Although I found creative writing for self-reflection an overall positive experience, it was a long process. I didn’t just write the entirety of my story in one sitting and feel suddenly healed and enlightened. It took time. It was a reflective period in which I felt completed to read and not just write. I remembered, sought out and re-read Sharon Olds (1987) poem ‘After 37 Years My Mother Apologizes for My Childhood’, which I feel aided my reflection and helped construct the image of my mother in the my tale. At this stage I feel ready to let my fairy tale go, it has served its purpose and provided ‘testimony’ (Grant 2011, 2) to my lived experiences.


I feel that my attempt at utilizing creative writing to explore my self, and therefore become a more self-aware caregiver, was successful. A nurse’s beliefs can be, as Ersser (2002, 56) argues, be ‘communicated to the patient with or without intention’, which highlights just how important it is for nurses to be self-aware in practice. Although I would never knowingly behave in a prejudiced way towards my patients, I feel this deeper reflection has made me more aware of a pre-existing potential issue, which I have had the proactive opportunity to work on. It has also made me more appreciative of the personal narratives patients have and that are always being constructed. As, Slater (2005, 11) argues, ‘Everyone, absolutely everyone had a tale to tell. And everyone, absolutely everyone will have to revise it, only to revise it again’. I believe the learning process has allowed me the freedom to really develop myself independently as a reflective writer and nursing practitioner, a progression I’m not sure I would have been able to succeed to in a more formally structured module.

Charlotte Pendlington, BSc (Hons) Nursing (Mental Health) student


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Ersser, S.J. 2002. The presentation of the nurse: a neglected dimension of the therapeutic nurse-patient interaction? In: Nursing as Therapy. 2nd ed. edited by McMahon, R and A. Pearson. Cheltenham: Nelson Thornes Ltd.

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The Girl and the Well

girl&woodOnce upon a time, there was a little girl who lived in the heart of a dark forest. Her name was Little Rose and once upon a time she had been happy. Little Rose had grown up in the comfort of a cosy cottage with her young and beautiful mother whom she loved dearly. Although she considered herself content, Little Rose’s mother was a curious woman with a longing to travel and know all there was to know about the world. One day, tiresome of their modest cottage, Little Rose’s mother announced that she was to journey alone into the forest in search of new and exciting delights to return home with. “Oh Mother,” sobbed Little Rose “please do not go! Or, if you must, take me with you. I won’t be any trouble.” Unaltered by her child’s pleas Little Rose’s mother kissed her daughter on the cheek, made her promise not to leave the cottage, and set out upon her expedition alone.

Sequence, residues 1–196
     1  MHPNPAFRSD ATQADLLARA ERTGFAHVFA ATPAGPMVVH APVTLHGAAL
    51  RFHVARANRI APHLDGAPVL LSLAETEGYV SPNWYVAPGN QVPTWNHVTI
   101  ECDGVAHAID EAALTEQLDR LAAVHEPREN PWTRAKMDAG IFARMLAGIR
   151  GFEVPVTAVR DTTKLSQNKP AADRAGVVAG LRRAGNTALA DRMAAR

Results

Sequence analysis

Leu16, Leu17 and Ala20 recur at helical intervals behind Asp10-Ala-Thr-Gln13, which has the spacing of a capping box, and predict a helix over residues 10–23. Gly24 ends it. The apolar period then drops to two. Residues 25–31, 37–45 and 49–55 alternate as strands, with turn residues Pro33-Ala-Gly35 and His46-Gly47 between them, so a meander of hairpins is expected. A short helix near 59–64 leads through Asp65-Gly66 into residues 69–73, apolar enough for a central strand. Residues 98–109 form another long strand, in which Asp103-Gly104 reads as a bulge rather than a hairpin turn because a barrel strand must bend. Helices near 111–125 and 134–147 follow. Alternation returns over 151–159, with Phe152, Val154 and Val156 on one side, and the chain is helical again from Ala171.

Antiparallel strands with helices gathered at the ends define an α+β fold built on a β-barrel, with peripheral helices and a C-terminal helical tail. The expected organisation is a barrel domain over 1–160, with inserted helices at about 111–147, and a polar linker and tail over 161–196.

All alone Little Rose sat by the cottage window and awaited her mother’s return. Years past and yet Little Rose kept her little nose pressed against the pane of glass, willing her mother to walk through the clearing to their cottage; to return home. One day, to her great joy, Little Rose did see her mother emerge from out of the trees and towards their little cottage. “Oh Mother, you have returned to me! You are home. How I have missed you,” shrieked Little Rose as she ran to embrace her mother. However, as she got closer she froze and gasped. The woman in front of her, although with a likeness to her mother, was old and haggard. “You are not my Mother! My Mother is beautiful with a sweet face and fare skin. Your skin is sallow, your mouth is mean, your eyes are red. Oh where is my Mother? What have you done to her?” cried Little Rose. Irritated by the child’s wails, the changed mother pushed her daughter aside with a rough dirty hand, entered the cottage and closed the door behind her.

Left outside, on the other side of the door, Little Rose fell to the ground and sobbed. After a time, when she felt herself more steady, she picked herself up and crept to the window. Carefully peering through, she looked in horror at the sight which presented itself before her. There on the bed was her mother, she was not asleep but awake, breathing smoke, drinking a blood red potion and cackling a strange broken laugh. Her head was swaying an unnatural sway as she began to cough, sending forth hideous flecks of red and yellow slime from clenched cracked black teeth. “This monster is not Mother,” whispered Little Rose as she backed away from the door of her once happy home. “I shall find Mother and together we shall rid our home of this false creature,” vowed Little Rose.

All alone Little Rose set out for the first time into the woods in search of the loving mother she remembered. The woods were dark and unwelcoming and as Little Rose tried to make her way through the masses of unruly branches her hair and clothes were seized and shredded by sharp thorns. As night approached, and the little light that shone through the trees died, the woods became alive with the sound of wild and angry animals shrieking, hissing and growling their warning to those unfortunate enough to cross their path. Hungry and cold, Little Rose persisted on her desperate journey, wandering in circles and calling out for her lost loving mother. “Oh Mother, shall we ever find each other?” As she sobbed these words a worn old owl flew down and perched upon a branch close to where Little Rose lay. “Do not cry Rose, I can tell you where your mother is,” softy hooted the owl. “Where? Please tell me at once! I beg you!” implored Little Rose. Suddenly with a wide sweep of his wings the owl took flight and glided off in and out of the trees, “follow me,” he hooted as he disappeared into a mass of vines and leaves.